Freedom of Religious Expression in Public Schools

Brief Overview/History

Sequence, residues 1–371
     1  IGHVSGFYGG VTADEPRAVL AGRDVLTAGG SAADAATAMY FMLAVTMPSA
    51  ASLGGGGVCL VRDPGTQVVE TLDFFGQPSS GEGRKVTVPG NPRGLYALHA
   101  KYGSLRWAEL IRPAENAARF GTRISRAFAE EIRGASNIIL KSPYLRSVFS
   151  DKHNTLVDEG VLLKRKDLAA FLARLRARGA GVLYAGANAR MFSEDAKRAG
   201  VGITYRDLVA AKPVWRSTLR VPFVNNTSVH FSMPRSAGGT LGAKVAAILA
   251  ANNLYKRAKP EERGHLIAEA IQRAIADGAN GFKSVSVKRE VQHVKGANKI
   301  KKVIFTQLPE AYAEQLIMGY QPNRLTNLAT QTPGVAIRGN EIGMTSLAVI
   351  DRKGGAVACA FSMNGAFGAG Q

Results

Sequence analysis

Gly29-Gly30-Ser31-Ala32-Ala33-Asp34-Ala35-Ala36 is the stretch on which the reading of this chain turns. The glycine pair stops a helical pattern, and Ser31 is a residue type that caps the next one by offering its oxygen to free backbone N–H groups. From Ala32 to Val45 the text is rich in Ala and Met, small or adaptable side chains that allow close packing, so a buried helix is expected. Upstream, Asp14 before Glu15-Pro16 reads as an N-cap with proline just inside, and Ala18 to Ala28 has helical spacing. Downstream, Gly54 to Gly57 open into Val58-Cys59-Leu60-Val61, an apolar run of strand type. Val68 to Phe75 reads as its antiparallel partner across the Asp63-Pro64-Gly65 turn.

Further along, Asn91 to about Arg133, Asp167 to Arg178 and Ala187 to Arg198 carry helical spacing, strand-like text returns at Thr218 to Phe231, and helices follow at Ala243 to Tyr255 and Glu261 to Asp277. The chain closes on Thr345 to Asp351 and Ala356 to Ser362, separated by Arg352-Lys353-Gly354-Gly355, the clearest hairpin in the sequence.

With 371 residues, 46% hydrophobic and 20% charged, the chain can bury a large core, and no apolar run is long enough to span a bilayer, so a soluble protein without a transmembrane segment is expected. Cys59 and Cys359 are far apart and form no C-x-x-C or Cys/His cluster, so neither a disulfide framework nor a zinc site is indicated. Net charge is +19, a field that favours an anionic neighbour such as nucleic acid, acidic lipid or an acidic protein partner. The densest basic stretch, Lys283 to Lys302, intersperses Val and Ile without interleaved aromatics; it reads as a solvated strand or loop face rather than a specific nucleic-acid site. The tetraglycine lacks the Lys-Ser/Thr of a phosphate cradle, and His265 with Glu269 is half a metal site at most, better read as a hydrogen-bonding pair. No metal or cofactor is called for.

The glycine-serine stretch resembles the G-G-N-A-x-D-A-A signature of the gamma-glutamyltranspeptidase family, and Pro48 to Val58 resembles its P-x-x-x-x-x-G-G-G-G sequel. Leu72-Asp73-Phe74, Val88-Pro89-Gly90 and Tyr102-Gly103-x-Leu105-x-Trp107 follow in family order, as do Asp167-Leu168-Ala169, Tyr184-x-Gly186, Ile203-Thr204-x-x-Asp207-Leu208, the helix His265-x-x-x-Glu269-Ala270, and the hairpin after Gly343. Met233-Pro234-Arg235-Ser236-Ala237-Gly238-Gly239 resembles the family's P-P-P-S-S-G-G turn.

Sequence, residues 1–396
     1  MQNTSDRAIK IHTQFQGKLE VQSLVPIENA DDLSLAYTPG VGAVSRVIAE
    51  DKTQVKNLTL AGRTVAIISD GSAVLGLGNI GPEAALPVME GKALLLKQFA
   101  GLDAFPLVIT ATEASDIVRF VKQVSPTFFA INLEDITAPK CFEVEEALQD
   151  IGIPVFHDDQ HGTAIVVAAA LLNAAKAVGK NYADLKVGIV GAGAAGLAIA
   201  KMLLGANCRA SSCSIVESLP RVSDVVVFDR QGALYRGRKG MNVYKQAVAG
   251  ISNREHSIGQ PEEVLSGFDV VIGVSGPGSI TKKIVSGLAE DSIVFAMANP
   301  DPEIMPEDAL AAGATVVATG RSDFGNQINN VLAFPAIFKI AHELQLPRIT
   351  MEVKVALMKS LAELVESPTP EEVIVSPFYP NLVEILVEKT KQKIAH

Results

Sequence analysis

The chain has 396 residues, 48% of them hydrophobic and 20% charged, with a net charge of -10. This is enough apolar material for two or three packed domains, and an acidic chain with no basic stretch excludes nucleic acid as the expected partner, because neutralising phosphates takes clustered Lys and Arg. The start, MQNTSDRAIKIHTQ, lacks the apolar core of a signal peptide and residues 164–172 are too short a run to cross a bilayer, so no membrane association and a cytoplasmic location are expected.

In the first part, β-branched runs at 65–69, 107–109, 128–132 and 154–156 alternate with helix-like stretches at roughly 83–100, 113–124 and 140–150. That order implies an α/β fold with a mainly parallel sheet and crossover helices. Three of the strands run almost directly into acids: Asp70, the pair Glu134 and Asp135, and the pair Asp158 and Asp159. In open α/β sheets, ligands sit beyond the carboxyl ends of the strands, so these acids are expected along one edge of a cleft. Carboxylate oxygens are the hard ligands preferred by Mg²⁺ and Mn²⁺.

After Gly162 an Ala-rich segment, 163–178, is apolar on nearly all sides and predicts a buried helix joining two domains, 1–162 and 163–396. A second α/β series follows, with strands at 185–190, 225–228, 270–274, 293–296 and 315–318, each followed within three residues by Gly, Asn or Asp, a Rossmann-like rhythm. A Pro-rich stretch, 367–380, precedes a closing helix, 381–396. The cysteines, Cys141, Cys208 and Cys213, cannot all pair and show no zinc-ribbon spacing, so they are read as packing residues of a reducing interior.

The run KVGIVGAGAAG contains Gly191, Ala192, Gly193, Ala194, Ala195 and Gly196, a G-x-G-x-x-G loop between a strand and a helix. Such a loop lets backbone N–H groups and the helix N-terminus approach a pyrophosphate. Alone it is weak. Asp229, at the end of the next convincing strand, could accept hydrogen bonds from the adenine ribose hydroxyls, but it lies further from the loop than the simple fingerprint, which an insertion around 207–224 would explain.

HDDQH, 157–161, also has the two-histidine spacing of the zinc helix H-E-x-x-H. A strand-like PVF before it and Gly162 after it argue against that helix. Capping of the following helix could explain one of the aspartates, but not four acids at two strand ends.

Freedom of religion and religious expression, especially with the public school system, has been a highly contested issue for decades. The First Amendment to the United States Constitution contains two clauses that affect this issue: the Establishment Clause and the Free Exercise Clause. The Establishment Clause prohibits the federal government or any state from passing laws that establish an official religion or any action that appears as preferring one religion over another. The Free Exercise Clause prohibits the federal government or any state from interfering with a person’s religious practice, though this freedom may be limited by civil or criminal law. Over the past 50 years, a number of cases and court challenges have surfaced pertaining to religious liberties within the public school system. During the Clinton Administration, Secretary of Education, Richard Riley issued a “statement of principles” that outlined permissible religious expression in public schools. Since then, a number of states, using the successful model of the Texas State Legislature, have enacted antidiscrimination laws that protect a student’s right to religious expression.

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